External authentication

LDAP / Active Directory

It is possible to use an external LDAP or Active Directory server to perform user authentication in Graylog.

Since Graylog 1.2.0, you can also use LDAP groups to perform authorization by mapping them to Graylog roles.

Configuration

To set up your LDAP or Active Directory server, go to System / Authentication / LDAP/Active Directory.

Once LDAP is enabled, you need to provide some details about the directory server.

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Please test the server connection before continuing to the next steps.

User mapping

In order to be able to look for users in the LDAP server you configured, Graylog needs to know some more details about it: the base tree to limit user search queries, the pattern used to look for users, and the field containing the full name of the user. You can test the configuration any time by using the login test form that you can find at the bottom of that page.

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The login test information will indicate if Graylog was able to load the given user (and perform authentication, if a password was provided), and it will display all LDAP attributes belonging to the user, as you can see in the screenshot.

That’s it for the basic LDAP configuration. Don’t forget to save your settings at this point!

Group mapping

You can additionally control the default permissions for users logging in with LDAP or Active Directory by mapping LDAP groups into Graylog roles. That is extremely helpful if you already use LDAP groups to authorize users in your organization, as you can control the default permissions members of LDAP groups will have.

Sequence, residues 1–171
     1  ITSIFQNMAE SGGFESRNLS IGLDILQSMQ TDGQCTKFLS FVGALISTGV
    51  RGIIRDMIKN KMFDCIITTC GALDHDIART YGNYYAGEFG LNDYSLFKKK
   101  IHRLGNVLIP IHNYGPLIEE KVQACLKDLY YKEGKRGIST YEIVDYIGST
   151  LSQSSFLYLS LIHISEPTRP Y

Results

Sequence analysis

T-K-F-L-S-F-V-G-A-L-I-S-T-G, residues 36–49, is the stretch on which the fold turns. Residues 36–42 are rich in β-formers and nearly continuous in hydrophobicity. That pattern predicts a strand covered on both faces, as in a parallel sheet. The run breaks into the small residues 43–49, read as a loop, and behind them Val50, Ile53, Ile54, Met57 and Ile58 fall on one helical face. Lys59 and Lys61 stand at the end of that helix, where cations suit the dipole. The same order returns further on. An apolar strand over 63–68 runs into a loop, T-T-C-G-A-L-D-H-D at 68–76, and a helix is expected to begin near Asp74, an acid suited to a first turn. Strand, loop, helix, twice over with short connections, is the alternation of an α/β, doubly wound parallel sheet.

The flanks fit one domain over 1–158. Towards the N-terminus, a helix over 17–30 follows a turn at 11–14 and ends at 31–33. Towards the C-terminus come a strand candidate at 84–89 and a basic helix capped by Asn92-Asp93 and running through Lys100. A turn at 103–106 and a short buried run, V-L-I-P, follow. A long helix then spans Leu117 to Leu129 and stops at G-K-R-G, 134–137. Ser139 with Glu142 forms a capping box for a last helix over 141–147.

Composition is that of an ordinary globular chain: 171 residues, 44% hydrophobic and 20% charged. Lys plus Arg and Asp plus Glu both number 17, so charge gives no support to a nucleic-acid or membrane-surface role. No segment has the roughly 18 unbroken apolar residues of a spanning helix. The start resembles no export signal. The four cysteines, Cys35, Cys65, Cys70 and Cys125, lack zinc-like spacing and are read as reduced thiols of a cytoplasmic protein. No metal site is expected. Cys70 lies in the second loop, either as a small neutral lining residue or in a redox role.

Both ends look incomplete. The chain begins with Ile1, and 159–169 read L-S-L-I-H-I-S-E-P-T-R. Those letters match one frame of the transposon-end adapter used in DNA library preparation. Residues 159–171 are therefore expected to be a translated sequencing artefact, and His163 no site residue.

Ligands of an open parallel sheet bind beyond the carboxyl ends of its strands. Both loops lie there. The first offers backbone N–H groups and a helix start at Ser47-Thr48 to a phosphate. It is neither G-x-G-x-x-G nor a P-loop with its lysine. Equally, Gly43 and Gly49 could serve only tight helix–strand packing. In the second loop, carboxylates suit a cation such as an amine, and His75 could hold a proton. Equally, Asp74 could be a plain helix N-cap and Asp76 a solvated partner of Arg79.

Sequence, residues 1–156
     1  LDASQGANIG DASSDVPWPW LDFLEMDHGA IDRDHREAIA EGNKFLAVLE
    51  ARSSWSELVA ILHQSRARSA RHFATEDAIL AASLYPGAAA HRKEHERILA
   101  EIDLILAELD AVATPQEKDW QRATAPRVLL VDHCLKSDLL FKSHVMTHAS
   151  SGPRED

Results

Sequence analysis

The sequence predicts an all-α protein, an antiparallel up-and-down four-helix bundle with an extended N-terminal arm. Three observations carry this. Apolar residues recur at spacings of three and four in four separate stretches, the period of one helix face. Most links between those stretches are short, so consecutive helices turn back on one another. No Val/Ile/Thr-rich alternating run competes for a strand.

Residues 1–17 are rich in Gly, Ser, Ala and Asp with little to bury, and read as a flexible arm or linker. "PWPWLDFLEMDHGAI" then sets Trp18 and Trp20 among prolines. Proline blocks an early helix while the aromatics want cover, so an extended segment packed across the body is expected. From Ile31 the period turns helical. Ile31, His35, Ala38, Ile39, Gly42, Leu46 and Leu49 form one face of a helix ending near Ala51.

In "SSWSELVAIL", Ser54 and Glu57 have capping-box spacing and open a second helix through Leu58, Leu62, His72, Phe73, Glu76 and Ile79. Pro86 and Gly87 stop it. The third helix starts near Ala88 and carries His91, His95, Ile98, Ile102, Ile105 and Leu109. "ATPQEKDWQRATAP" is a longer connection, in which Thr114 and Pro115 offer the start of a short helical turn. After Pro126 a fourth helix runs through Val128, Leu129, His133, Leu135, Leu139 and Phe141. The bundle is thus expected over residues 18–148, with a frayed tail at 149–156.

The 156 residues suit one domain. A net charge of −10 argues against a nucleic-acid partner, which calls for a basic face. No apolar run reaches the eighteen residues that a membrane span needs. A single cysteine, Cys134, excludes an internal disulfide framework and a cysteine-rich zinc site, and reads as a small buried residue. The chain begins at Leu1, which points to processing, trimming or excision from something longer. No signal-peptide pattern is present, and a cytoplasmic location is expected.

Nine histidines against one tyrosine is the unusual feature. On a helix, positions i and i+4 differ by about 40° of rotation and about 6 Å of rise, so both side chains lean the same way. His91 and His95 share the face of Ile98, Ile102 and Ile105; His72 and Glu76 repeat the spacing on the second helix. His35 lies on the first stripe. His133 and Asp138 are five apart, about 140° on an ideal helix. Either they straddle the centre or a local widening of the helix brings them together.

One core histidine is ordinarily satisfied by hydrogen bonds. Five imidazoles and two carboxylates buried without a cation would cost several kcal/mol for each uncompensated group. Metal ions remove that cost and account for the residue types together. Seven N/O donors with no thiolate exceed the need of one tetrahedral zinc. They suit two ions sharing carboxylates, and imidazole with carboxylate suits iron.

Once you configure group mapping, Graylog will rely on your LDAP groups to assign roles into users. That means that each time an LDAP user logs into Graylog, their roles will be assigned based on the LDAP groups their belong to.

In first place, you need to fill in the details in the Group Mapping section under System / Authentication / LDAP/Active Directory, by giving the base where to limit group searches, a pattern used to look for groups, and the group name attribute.

Then you need to select which default user role will be assigned to any users authenticated with the LDAP server should have. It is also possible to assign additional roles to any users logging in with LDAP. Please refer to Roles for more details about user roles.

Note: Graylog only synchronizes with LDAP when users log in. After changing the default and additional roles for LDAP users, you may need to modify existing users manually or delete them in order to force them to log in again.

You can test the group mapping information by using the login test form, as it will display LDAP groups that the test user belongs to. Save the LDAP settings once you are satisfied with the results.